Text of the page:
John KimESPN staff writer5 minutes of reading
But he was not yet ready to commit to a possible name change and save that topic for another day.
“A lot of things happened that were unfortunate,” Harris said at a news conference Friday. “We are focused on changing the culture. It’s about creating a management team that doesn’t look the same. It’s about zero tolerance for ethically challenged behavior. When you own a sports team in a city, everyone watches what you do.
“Everybody that works on the team … they’re a reflection on [the fans]. It’s all about culture. We are very conscious of culture.”
That comment drew applause from a number of employees and guests in attendance. Problems in these areas during Snyder’s 24-year reign helped cause an erosion of the fan base. But Harris’s arrival has signaled a new day.
“We want to change everything that’s happened to this franchise,” said Basketball Hall of Famer Magic Johnson, one of Harris’ limited partners.
Whether that leads to a name change remains to be seen. Washington dropped its original name in July 2020 and replaced it with an interim name for the next two years – the Washington Football Team – before unveiling the Commanders in February 2022. Some fans have been vocal about their disdain for the new name and have clamored for another change. According to the NFL rule, a team must wait five years before it can rebrand it again – but there is an exception for a new owner.
Harris said he has focused more on immediate issues, such as the football season, getting back into the community to reconnect with the fan base and improving the fan experience at games.
“It’s not about how I feel, it’s about how the city feels about all of this,” Harris said, when asked in part if he liked the name. “We will look at everything and see where we are, but those are our three priorities now.”
An estimated 5,000 fans attended an event at FedEx Field on Friday afternoon to celebrate Harris’ group’s takeover. They were joined by several former Washington players, including Hall of Fame corner Darrell Green and Hall of Fame coach Joe Gibbs.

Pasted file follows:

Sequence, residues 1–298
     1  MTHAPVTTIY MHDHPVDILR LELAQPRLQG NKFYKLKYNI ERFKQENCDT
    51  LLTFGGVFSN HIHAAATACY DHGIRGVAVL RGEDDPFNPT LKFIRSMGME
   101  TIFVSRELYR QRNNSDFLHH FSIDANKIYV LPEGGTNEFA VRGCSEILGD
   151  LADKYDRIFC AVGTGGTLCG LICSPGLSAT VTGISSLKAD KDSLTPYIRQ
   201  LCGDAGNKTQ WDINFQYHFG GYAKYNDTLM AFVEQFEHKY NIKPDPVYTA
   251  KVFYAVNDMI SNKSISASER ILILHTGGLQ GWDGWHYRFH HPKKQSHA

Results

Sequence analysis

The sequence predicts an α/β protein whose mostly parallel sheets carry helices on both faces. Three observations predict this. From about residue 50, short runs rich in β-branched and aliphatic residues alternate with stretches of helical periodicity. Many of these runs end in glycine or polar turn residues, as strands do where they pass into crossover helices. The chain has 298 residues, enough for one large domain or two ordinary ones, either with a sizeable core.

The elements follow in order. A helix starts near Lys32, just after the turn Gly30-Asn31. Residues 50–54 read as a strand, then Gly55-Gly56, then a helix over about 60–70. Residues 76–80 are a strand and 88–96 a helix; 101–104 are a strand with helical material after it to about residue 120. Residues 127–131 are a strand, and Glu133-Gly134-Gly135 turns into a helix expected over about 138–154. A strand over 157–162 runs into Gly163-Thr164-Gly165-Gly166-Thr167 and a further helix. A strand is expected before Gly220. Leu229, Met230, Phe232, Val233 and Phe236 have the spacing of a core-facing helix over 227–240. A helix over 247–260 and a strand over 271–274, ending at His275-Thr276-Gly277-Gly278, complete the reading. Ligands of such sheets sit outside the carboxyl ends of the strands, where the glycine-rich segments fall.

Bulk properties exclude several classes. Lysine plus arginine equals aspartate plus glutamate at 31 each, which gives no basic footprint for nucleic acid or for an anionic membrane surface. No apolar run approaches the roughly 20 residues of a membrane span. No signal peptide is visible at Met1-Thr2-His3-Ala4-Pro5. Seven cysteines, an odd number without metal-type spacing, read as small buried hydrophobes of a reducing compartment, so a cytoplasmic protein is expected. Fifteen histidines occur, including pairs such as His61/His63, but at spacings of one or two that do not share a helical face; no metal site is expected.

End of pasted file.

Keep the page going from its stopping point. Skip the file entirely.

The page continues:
NFL owners unanimously approved the sale to Harris on Thursday.
After Harris spoke to the media, he went to where the fans were. He took the stage and exchanged high-fives with fans. Later, after Johnson addressed the crowd, fans began chanting, “Thank you Josh! Thank you Josh!”
“I’ve been waiting seven years to see the fan base like this,” Washington defensive tackle Jonathan Allen told the crowd earlier at the event.
Receiver Terry McLaurin, the other current player in attendance, said, “There’s an enthusiasm around here. There’s a lot of optimism for the future.”
Ever since he was drafted by Washington in 2019, McLaurin has been part of a franchise that made far more news for off-field issues than on-field success. Snyder was the focus of several investigations into his own conduct and the work environment he created — by the NFL on two occasions, Congress, the Federal Trade Commission and the attorneys general of Virginia, Maryland and the District of Columbia.
“You really don’t understand the weight of everything,” McLaurin said. “Even I couldn’t appreciate the weight, but when you get the questions, obviously the things you see in the media and stuff – it weighs on you. Now it’s like a clean slate for everybody.
“Everybody gets back to focusing on what’s on the pitch instead of worrying about what could be going on off the pitch.”
Harris, who was born in the D.C. area — his limited partners include many from the area — was also noncommittal about stadium plans. The ownership group will consider locations in Maryland, DC and Virginia.
But it’s possible that a new stadium site won’t be determined until next summer — and not built until 2030. That means the franchise will have to spend money to maintain FedEx Field, which opened in 1997. There have been problems with drain pipes and other parts of the stadium over the years, including a railing that collapsed, causing a handful of Philadelphia fans to fall to the ground during the 21st season.
Current team officials have said the stadium was neglected until the past few years.
“When you have guests in your house, you treat them well,” Harris said. “You don’t have couches that are broken. You don’t have TVs that don’t work. That’s what we’re focused on now.”
At Harris’ press conference, Johnson also addressed the assembled media and invited dignitaries. At least a dozen former players participated, representing Washington’s success in the 1980s and early ’90s in particular, when the team won three Super Bowls and played in a fourth.
“When Josh and I talked, the first thing I said was, ‘Do you want to win?'” Johnson recalled. “He said yes. I said I’m in. I don’t invest in sports teams for ego. I invest to win.”
He then pointed to some of the former Washington greats.
“Not only did they win Super Bowls,” Johnson said. “They made the community great.”
Johnson also said it was a “proud day” for him as a black man to become part of an NFL ownership group, noting that minorities have been underrepresented in such roles. He asked the audience at the press conference to give Harris a standing ovation because “he could have picked anyone else who didn’t look like me.”